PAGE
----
Marcus Claudius Marcellus: Difference between revisions

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Marcus Claudius Marcellus' winning of the ''spolia opima'' earned him great fame in his lifetime. The ''spolia opima'' was one of the highest honors that could be bestowed on a Roman general. Plutarch informs us how the ''spolia opima'' was acquired, stating that, "only those spoils are ‘''opima’'' which are taken first, in a pitched battle, where general slays general." Only two others in Roman history, Romulus, the founder of Rome, and [[Aulus Cornelius Cossus]], were allegedly honored with this prize. Marcellus is the only one of the three whose achievement has been historically confirmed. In terms of the history of the ''spolia opima'', Marcellus holds great significance because he reinvigorated the meaning of the honored prize. Prior to Marcellus, the ''spolia opima'' was not of special importance in the minds of Romans because it had happened only twice before, if at all. Furthermore, the actual ritual of the ''spolia opima'' was not confirmed until Marcellus made it customary to dedicate the armor to Jupiter Feretrius. No one else accomplished the same feat to continue the tradition. In this way, Marcellus publicized the winning of the ''spolia opima'' and turned it into a legend.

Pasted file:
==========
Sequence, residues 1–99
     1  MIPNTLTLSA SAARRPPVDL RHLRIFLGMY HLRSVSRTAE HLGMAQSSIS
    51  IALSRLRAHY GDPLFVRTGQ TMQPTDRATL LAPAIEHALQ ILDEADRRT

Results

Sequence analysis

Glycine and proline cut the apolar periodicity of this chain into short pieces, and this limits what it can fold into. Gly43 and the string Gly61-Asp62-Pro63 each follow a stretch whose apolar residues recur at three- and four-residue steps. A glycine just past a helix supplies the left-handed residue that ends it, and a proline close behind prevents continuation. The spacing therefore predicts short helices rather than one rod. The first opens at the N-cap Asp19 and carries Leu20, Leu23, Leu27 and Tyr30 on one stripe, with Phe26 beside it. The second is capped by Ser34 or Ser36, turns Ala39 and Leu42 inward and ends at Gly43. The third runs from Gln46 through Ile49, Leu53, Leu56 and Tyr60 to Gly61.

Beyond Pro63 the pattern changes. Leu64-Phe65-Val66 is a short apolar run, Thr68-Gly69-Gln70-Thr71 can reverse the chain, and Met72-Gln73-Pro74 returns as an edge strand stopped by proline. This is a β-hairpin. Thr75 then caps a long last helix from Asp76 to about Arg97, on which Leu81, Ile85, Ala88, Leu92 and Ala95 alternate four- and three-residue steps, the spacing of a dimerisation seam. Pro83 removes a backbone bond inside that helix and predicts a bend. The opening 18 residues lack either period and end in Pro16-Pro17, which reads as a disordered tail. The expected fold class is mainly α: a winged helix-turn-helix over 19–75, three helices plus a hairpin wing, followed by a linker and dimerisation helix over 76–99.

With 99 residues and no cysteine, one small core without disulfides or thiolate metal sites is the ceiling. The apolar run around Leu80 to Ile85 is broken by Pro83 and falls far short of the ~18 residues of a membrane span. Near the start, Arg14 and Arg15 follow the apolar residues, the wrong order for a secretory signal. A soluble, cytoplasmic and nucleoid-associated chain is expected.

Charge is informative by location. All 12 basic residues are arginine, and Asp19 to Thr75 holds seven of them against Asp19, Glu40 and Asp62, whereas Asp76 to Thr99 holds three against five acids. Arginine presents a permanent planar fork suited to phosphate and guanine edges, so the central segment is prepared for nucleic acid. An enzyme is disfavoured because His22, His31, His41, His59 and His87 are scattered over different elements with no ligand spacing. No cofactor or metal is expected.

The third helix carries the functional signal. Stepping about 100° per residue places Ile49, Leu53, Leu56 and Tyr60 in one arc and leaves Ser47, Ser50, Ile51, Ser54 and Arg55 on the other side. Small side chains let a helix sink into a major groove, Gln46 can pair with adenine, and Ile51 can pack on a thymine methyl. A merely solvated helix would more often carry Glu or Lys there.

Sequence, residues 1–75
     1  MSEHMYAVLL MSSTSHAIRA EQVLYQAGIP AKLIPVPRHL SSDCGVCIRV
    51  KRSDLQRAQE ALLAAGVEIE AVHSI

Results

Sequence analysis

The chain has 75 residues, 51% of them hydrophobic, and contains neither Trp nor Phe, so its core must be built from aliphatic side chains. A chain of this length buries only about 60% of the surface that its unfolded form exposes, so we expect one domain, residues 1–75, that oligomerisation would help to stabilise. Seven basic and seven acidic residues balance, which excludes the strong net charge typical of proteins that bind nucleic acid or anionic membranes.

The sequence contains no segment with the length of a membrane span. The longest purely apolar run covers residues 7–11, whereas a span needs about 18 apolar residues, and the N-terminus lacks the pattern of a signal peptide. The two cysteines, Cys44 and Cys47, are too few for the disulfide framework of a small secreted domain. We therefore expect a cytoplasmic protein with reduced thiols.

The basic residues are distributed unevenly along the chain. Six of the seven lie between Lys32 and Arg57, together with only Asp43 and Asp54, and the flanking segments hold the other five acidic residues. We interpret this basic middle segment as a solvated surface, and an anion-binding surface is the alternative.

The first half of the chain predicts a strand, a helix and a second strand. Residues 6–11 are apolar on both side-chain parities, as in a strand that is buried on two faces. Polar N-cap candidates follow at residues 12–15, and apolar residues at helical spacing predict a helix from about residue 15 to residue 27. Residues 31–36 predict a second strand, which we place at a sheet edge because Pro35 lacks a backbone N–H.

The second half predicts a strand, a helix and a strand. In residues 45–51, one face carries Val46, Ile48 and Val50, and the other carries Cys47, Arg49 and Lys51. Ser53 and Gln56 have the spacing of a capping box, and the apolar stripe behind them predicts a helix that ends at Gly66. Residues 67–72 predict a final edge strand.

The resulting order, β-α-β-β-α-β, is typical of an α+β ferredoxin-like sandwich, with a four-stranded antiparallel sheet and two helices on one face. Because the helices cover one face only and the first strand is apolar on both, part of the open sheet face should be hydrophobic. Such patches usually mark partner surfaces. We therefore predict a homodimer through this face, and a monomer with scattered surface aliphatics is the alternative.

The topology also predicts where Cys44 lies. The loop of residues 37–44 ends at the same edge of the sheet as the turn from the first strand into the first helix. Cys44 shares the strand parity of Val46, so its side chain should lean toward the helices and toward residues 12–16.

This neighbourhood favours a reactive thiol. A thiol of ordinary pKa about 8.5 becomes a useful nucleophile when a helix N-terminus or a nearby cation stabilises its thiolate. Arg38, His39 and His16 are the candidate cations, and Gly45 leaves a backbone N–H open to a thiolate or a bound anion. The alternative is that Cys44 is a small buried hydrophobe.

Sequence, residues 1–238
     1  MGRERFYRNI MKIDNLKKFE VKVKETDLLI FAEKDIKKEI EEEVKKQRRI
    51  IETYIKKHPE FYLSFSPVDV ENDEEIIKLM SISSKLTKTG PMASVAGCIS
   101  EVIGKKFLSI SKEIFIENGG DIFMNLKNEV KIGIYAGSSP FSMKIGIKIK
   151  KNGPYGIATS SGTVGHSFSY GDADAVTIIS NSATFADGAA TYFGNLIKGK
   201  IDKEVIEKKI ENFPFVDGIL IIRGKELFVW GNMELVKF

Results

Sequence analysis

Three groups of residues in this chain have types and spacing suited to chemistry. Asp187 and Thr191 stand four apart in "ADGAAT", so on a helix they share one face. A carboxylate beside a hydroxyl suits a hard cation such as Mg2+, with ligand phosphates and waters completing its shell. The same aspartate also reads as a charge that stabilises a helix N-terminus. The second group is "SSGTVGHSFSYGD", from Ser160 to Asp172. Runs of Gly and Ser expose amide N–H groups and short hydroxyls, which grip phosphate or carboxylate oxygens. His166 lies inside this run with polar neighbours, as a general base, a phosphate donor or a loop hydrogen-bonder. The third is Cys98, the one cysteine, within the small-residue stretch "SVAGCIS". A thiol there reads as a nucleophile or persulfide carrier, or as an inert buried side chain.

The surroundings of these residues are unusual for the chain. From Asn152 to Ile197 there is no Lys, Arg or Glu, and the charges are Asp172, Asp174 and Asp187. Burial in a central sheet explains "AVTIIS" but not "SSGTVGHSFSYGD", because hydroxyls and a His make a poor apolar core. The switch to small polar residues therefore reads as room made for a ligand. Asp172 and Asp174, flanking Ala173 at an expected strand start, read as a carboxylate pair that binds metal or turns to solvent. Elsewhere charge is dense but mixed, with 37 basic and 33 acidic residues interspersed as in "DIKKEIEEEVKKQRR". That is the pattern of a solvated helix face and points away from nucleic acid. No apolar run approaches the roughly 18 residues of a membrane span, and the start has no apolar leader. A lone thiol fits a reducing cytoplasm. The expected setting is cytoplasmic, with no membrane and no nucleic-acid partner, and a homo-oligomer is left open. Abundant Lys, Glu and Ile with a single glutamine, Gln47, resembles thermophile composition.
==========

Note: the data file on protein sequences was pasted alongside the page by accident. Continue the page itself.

Marcellus was an important general during the Second Punic War and his five-time election as a consul has its place in Roman history. His decisive victories in Sicily were of history-altering proportions, while his campaigns in Italy itself gave Hannibal himself pause and reinvigorated the [[Roman Senate]]. But it is Marcellus’ triumph as a warrior and winner of a ''[[spolia opima]]'' that confirmed his place in ancient Roman history. Due to all of this, he is known as the ''Sword of Rome''.<ref>[ ''Marcellus'' By Plutarch]</ref>
{{commons category|Marcus Claudius Marcellus (consul 222 BC)|Marcus Claudius Marcellus}}